Watchin' Out!

This month marks Sheryl’s and my 35th Anniversary of our being called to High Desert (then, Baptist) Church. I was 29 years old and Sheryl was 21, the church numbered 125 people and met in our Victorville chapel for one service every Sunday morning. Our (now) resource center housed my office during the week and served as the nursery each weekend. Hook Road (now Hook Boulevard) ended at our driveway and there was virtually zero civilization in eyesight west of our few acres.

For the 20 years I grew up in a pastor’s home, my dad served at six different churches. The national average for a pastor’s tenure in one church is about 3.5 years. Yet Sheryl and I have been privileged to remain with one church for almost an entire life of ministry, and have been blessed to work with some of the greatest people in the world.

Simple math, however, tells you that it won’t be all that long before HDC will need a new senior leader. Sheryl and I have always wanted to step down before we needed to, rather than remain in place longer than we should have. So, last year, at my request, our Board commissioned our Senior Leadership Team to begin developing a succession plan. It will undoubtedly take several years to complete—to find the right guy and complete a transition process. (So, if you like me, don’t be discouraged; and if you don’t like me, don’t get too excited!) I’m not in any hurry to step down and still have some gas in the tank. But I’m convinced that the next season of HDC’s development will best be realized with new energy. So, pray with Sheryl, the rest of the Mercer clan, our staff, our Board, and me—all of us who truly believe that the best years of HDC’s ministry are still in the future.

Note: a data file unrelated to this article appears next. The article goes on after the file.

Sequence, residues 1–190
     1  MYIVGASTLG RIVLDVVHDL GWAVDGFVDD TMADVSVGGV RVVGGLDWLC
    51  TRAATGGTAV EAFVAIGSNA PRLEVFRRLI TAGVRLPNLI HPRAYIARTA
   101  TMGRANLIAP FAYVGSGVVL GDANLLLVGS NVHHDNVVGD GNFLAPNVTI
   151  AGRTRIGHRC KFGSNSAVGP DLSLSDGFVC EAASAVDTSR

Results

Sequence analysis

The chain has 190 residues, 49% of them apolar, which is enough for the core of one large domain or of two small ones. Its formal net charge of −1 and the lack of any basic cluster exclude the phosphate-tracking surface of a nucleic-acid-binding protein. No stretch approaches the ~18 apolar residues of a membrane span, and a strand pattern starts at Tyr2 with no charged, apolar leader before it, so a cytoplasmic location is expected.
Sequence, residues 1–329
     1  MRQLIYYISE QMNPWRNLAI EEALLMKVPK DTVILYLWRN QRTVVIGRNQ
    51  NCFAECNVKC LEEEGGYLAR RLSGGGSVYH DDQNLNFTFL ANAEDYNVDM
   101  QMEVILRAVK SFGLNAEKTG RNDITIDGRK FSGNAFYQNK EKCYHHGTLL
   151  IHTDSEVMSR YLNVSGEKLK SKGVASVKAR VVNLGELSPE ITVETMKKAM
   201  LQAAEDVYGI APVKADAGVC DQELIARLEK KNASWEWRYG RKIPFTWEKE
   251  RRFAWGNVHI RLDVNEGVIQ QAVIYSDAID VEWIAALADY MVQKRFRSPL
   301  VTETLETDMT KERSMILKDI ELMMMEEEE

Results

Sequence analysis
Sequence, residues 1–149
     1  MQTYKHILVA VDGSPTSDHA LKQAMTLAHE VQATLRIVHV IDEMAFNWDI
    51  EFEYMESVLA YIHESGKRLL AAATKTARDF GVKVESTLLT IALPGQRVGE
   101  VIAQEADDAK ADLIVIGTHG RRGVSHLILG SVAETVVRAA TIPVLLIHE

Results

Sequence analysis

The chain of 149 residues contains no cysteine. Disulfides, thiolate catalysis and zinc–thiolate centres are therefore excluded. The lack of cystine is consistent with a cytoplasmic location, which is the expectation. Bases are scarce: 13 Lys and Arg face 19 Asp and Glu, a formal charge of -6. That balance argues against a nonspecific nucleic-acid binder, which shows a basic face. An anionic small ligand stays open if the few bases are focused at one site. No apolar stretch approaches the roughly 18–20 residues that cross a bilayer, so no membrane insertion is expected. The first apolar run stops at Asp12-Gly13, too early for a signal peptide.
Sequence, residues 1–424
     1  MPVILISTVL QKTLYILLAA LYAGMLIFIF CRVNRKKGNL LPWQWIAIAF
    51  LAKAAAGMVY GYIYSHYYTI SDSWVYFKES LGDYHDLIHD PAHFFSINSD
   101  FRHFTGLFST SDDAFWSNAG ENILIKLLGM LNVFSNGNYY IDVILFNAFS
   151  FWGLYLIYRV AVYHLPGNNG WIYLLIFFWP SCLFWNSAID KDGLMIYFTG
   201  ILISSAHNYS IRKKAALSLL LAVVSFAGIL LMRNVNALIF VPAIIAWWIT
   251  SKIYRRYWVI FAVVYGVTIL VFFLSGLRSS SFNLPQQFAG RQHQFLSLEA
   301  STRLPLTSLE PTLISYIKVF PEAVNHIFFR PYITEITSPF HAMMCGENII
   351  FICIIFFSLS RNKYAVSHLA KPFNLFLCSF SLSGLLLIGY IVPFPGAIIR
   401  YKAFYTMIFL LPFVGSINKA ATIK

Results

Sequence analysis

At a small group leaders’ event last year, I was asked what I feared most about the prospect of this transition. I said, “My biggest fear is that people will be looking for the perfect guy, and not because he will be replacing a perfect guy!” The individual we all really want as our pastor isn't available, because He died on a Roman cross 2,000 years ago. (While we have defined some key qualifications for a candidate, being the Savior of the world isn’t one of them.) No candidate is going to check every box to everyone’s satisfaction, so all of us should prepare for some level of disappointment. Just remember, 35 years ago, the search committee who were assembled to find a candidate to fill this same office was looking for three qualifications in the candidate they would eventually to propose to the church family. The candidate they ended up actually presenting to the church (me) did not check even one of those three boxes. Whoever the candidate turns out to be this time will, like his predecessor, not be a perfect choice, but he will be the right choice.